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The Type of Mutation that Causes Patau Syndrome

written by: •edited by: Paul Arnold•updated: 12/4/2009

Patau syndrome is a severe chromosomal abnormality that is primarily caused by the addition of an extra copy of chromosome 13. It means that most cells in the body will have three copies of this chromosome, instead of the usual two.

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    How is Patau Syndrome Inherited?

    Patau syndrome (also known as trisomy 13) is a congenital condition, that is, it is present at birth. The survival rates are low. Many infants born with the condition die within a few days. Its rate of incidence tends to increase with the age of the mother. Those children who do survive tend to have serious physical and mental impairments. In most cases the condition is not inherited, it is usually caused by a spontaneous mutation that occurs during the formation of sperm and eggs.

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    Patau Syndrome and Chromosome Abnormalities

    The type of mutation that causes Patau syndrome takes place during meiosis when either the sperm or egg cells are being created. The names given to these mutations are nondisjunction of chromosomes and Robertsonian translocation.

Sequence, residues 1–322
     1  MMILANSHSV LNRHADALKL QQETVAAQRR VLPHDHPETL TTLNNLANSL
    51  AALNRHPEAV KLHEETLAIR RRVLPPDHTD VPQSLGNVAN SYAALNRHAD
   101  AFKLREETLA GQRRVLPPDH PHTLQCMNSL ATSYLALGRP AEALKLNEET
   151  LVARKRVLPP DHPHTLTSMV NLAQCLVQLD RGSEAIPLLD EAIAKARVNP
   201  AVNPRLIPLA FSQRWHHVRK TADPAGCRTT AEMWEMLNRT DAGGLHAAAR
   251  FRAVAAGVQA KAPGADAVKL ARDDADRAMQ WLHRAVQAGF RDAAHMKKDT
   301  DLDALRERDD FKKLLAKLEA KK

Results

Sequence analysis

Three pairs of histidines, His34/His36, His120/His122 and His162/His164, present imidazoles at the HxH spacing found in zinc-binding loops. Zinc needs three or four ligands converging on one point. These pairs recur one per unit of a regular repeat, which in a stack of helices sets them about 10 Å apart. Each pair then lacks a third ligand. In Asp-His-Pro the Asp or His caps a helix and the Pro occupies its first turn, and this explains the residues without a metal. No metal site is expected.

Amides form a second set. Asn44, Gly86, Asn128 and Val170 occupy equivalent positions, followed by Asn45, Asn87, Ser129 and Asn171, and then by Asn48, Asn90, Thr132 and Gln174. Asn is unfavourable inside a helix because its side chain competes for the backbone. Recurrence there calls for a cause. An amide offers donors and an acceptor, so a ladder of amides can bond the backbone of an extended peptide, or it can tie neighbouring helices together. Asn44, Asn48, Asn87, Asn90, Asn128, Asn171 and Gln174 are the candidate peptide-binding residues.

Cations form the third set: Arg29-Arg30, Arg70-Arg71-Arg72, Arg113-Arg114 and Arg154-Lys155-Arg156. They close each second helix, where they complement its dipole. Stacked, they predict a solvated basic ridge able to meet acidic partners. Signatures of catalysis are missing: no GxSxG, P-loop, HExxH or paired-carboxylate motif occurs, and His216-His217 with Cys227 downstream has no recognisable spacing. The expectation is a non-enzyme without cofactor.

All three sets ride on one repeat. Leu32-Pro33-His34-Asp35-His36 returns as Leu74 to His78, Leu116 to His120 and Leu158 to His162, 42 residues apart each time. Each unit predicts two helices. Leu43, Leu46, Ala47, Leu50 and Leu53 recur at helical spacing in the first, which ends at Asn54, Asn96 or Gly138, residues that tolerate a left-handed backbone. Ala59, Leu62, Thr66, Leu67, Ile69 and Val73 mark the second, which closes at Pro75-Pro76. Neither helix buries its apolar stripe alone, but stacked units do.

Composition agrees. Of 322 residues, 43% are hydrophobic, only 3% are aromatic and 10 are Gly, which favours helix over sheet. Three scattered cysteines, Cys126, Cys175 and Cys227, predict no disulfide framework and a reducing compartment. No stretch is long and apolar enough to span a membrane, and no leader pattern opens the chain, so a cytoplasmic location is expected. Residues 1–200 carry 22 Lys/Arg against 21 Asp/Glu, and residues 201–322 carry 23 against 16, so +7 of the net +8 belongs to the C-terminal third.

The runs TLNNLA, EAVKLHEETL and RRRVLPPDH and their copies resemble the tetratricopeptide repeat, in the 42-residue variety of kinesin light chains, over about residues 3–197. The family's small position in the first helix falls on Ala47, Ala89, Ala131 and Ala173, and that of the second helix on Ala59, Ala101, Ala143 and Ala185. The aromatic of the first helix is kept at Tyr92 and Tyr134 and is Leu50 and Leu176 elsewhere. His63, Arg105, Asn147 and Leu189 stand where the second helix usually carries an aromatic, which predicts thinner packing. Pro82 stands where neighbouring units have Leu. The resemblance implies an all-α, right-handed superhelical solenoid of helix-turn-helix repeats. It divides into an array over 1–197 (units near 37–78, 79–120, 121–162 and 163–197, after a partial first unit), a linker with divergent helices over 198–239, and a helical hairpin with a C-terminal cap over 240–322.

There are 46 chromosomes in each cell, apart from red blood cells and the sex cells. Those 46 chromosomes are 23 pairs, numbered 1-22 and then either an X and Y (boy) or an X and another X (girl).

    In nondisjunction the chromosome 13 pair fails to come apart during the cell division (meiosis) that leads to the formation of either an egg cell or a sperm cell. So when the parent cell is cleaved instead of there just being one chromosome 13 in a daughter gamete cell there are two. When this combines with another gamete, that has the usual complement of one chromosome 13, the result is a zygote with three copies of the chromosome.

    It is not well understood at the present moment in time just how this additional genetic material causes the disruption that leads to the onset of the condition.

    The other type of mutation that causes Patau syndrome is a Robertsonian translocation. Here a copy or partial copy of chromosome 13 randomly attaches itself to another chromosome.

    Sometimes, a translocation occurs and there’s no additional genetic material in the cell. The portion of chromosome 13 that is translocated has merely swapped placed with a portion of another chromosome. Where this occurs and there is no net gain or loss of genetic material, the individual usually has no problems related to Patau. However, people with these balanced translocations are at a higher risk of giving birth to a child with Patau syndrome.

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    Mosaic Patau

    There is another form of the chromosomal abnormality - Mosaic Patau. Here, some cells will possess the extra chromosome and others will have their normal complement. The severity of physical ailments this causes is usually milder and dependent on the number and type of cells affected.